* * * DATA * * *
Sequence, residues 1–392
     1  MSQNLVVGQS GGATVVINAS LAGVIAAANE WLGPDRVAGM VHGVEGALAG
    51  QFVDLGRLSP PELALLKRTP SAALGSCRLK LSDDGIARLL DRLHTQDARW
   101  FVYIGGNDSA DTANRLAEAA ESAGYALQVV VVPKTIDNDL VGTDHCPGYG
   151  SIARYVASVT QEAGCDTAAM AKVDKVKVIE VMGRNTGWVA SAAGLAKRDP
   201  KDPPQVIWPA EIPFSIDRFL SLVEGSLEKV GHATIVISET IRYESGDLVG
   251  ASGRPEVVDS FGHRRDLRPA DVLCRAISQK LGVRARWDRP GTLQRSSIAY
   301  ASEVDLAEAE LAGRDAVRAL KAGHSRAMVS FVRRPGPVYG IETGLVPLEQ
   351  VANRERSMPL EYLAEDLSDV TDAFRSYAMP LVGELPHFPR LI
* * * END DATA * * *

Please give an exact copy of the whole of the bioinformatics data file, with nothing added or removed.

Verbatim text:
Sequence, residues 1–392
     1  MSQNLVVGQS GGATVVINAS LAGVIAAANE WLGPDRVAGM VHGVEGALAG
    51  QFVDLGRLSP PELALLKRTP SAALGSCRLK LSDDGIARLL DRLHTQDARW
   101  FVYIGGNDSA DTANRLAEAA ESAGYALQVV VVPKTIDNDL VGTDHCPGYG
   151  SIARYVASVT QEAGCDTAAM AKVDKVKVIE VMGRNTGWVA SAAGLAKRDP
   201  KDPPQVIWPA EIPFSIDRFL SLVEGSLEKV GHATIVISET IRYESGDLVG
   251  ASGRPEVVDS FGHRRDLRPA DVLCRAISQK LGVRARWDRP GTLQRSSIAY
   301  ASEVDLAEAE LAGRDAVRAL KAGHSRAMVS FVRRPGPVYG IETGLVPLEQ
   351  VANRERSMPL EYLAEDLSDV TDAFRSYAMP LVGELPHFPR LI